Press Release: Statement by an IMF Mission to Senegal
September 30, 2010Press Release No. 10/368
September 30, 2010
An International Monetary Fund (IMF) mission visited Senegal during September 15-29, 2010 to conduct the sixth review under the Policy Support Instrument (PSI) and discussions on the authorities’ economic program that could be supported under a successor three-year PSI. The mission met with the Prime Minister and the ministers in charge of economy and finance, international cooperation and infrastructure, energy, the budget, and other government officials. The mission also met representatives of the private sector and development partners. The current Policy Support Instrument (PSI) for Senegal will end this year.
At the conclusion of the visit, the mission issued the following statement in Dakar:
“Economic performance through September 2010 has been broadly satisfactory. Monthly indicators point to an ongoing economic recovery, which appears somewhat stronger than anticipated at the last review. Growth is currently projected at 4 percent in 2010 and 4.4 percent in 2011. But risks remain and include a weak global recovery, higher oil prices, and persistent electricity supply problems. On the upside, a faster global recovery and continued structural reforms could support growth. Inflation is expected to remain below 2 percent.
“The current PSI-supported program remains broadly on track. At end-June the deficit target was met and the budgetary float was below the program ceiling. Revenues exceeded their programmed level and overall expenditures were, thus far, contained. On the structural side, reforms in public financial management are progressing broadly in line with program commitments.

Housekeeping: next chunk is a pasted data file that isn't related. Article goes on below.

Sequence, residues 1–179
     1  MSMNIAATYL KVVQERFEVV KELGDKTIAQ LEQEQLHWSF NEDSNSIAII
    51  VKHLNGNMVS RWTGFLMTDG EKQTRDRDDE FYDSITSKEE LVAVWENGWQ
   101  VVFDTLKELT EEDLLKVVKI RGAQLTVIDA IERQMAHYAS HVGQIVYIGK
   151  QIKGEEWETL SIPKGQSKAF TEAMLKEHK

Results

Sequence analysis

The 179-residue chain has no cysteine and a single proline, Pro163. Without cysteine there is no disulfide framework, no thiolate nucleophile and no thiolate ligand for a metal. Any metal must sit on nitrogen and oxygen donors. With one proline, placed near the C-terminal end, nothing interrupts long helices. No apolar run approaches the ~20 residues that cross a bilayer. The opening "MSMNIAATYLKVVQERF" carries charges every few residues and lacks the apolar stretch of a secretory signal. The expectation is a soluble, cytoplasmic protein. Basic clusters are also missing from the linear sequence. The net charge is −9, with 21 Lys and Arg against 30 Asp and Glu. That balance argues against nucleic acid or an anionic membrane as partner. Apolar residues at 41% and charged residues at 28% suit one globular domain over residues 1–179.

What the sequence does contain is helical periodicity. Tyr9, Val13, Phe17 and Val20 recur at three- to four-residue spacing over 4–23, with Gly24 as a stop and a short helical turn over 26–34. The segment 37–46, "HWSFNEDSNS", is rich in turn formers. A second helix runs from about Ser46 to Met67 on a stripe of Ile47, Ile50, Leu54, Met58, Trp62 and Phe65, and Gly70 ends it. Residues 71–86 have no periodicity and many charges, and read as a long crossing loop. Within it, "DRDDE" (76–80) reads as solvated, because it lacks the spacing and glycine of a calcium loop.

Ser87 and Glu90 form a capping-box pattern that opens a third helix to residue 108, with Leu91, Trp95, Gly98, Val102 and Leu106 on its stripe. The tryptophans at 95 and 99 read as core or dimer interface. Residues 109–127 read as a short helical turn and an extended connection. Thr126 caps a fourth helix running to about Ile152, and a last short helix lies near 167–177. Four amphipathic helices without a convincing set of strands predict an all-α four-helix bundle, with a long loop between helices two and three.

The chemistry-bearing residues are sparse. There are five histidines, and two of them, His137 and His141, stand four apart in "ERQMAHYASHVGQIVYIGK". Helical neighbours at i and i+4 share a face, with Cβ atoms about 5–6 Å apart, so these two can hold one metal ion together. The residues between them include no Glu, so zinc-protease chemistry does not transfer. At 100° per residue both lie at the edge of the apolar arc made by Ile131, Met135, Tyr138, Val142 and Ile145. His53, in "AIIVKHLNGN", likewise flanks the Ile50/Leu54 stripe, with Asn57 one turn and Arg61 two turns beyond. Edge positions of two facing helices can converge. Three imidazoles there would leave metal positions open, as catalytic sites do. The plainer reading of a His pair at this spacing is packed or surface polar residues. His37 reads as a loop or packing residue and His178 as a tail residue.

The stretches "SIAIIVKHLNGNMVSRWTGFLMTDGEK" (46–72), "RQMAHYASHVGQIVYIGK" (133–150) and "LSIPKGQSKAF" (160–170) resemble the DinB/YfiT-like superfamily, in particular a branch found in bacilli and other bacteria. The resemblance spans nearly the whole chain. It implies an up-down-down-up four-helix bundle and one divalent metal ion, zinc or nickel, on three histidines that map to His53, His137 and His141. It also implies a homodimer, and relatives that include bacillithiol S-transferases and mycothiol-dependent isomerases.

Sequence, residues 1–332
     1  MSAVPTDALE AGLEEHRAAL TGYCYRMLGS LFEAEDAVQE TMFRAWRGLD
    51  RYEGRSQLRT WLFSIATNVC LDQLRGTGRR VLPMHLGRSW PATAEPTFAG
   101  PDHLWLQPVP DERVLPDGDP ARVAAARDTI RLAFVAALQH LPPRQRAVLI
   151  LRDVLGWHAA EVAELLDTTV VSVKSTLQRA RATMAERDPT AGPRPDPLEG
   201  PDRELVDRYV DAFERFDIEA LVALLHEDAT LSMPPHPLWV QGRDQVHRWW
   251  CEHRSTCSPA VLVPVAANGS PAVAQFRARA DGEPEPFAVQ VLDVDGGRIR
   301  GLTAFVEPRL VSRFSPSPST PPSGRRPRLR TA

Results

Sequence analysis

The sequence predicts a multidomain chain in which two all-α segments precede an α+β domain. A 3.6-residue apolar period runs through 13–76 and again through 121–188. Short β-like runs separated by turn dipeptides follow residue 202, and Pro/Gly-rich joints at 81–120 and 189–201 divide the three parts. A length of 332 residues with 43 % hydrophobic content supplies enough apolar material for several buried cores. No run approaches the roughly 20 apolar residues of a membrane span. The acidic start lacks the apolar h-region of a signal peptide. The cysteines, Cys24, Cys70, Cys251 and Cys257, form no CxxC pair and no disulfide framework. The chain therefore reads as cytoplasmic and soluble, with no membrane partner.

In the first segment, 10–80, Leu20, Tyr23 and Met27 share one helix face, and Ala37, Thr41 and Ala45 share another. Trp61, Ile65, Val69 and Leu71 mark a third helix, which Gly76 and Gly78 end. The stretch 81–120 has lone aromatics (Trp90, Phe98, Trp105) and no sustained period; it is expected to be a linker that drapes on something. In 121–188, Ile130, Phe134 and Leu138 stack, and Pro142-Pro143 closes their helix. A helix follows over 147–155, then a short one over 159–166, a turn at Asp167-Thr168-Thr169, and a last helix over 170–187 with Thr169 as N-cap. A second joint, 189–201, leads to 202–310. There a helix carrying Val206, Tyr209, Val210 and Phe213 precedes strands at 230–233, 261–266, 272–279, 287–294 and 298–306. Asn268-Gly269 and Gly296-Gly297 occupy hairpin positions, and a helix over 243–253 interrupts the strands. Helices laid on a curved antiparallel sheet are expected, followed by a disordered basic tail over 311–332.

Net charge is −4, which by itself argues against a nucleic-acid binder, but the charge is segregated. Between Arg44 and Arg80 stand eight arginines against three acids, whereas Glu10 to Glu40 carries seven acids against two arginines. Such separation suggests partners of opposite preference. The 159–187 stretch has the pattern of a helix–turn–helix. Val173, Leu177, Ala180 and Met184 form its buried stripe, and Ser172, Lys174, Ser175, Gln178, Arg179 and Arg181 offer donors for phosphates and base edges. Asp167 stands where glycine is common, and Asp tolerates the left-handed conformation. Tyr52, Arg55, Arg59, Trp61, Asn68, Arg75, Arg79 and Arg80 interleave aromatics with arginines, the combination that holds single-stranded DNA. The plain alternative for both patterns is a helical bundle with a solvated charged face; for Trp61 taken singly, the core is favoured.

“Discussions on an economic program that could be supported by a new PSI progressed well. It was agreed that raising trend growth would be a key priority. Key steps, which could be integrated in a new PSI, include: (i) maintaining macroeconomic stability, supported by a sound fiscal policy and improvements in the quality of spending; (ii) increasing government revenues to create more room in the budget for priority spending, including higher public investment in infrastructure, coupled with better investment planning and stronger debt management; (iii) consolidating progress in PFM by improving budget credibility and implementation and avoiding accumulation of new payment delays; and (iv) pursuing broad-based structural reforms leading to an improved business climate, better governance, and more effective energy and financial sectors.
“The 2011 budget deficit should be kept below 4.5 percent of GDP, excluding specific large new infrastructure investments for which execution plans and financing options are currently being examined. Known spending pressures must be realistically and transparently reflected in the 2011 budget. Challenges in the electricity sector, that remain a drain on the budget and growth, need to be addressed expeditiously in close cooperation with development partners.
“The mission stressed the importance of carefully prioritizing new public investment in infrastructure, ensuring that such investment has a high rate of return and is in line with the country’s overall development strategy. Plans for new infrastructure investment need to be, transparently integrated in the budget framework, and should also be conducive to the development of additional private sector investment. It will also be important to follow a cautious approach in accessing external non-concessional borrowing to finance infrastructure investment so as to preserve Senegal’s macroeconomic stability.
“Discussions on a new PSI will continue in the coming weeks. It is expected that the IMF’s Executive Board will discuss the review of the PSI before the end of 2010.”